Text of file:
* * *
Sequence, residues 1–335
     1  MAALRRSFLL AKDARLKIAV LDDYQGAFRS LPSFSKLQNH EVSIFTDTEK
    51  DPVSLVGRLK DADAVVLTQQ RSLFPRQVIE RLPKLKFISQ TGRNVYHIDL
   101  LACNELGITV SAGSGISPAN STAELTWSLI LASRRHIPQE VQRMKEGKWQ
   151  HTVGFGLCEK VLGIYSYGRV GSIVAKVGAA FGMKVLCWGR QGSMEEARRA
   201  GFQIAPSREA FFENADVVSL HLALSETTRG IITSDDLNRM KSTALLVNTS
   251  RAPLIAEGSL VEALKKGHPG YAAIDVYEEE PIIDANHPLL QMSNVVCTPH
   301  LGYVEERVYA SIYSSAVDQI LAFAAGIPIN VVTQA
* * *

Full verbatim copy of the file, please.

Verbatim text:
Sequence, residues 1–335
     1  MAALRRSFLL AKDARLKIAV LDDYQGAFRS LPSFSKLQNH EVSIFTDTEK
    51  DPVSLVGRLK DADAVVLTQQ RSLFPRQVIE RLPKLKFISQ TGRNVYHIDL
   101  LACNELGITV SAGSGISPAN STAELTWSLI LASRRHIPQE VQRMKEGKWQ
   151  HTVGFGLCEK VLGIYSYGRV GSIVAKVGAA FGMKVLCWGR QGSMEEARRA
   201  GFQIAPSREA FFENADVVSL HLALSETTRG IITSDDLNRM KSTALLVNTS
   251  RAPLIAEGSL VEALKKGHPG YAAIDVYEEE PIIDANHPLL QMSNVVCTPH
   301  LGYVEERVYA SIYSSAVDQI LAFAAGIPIN VVTQA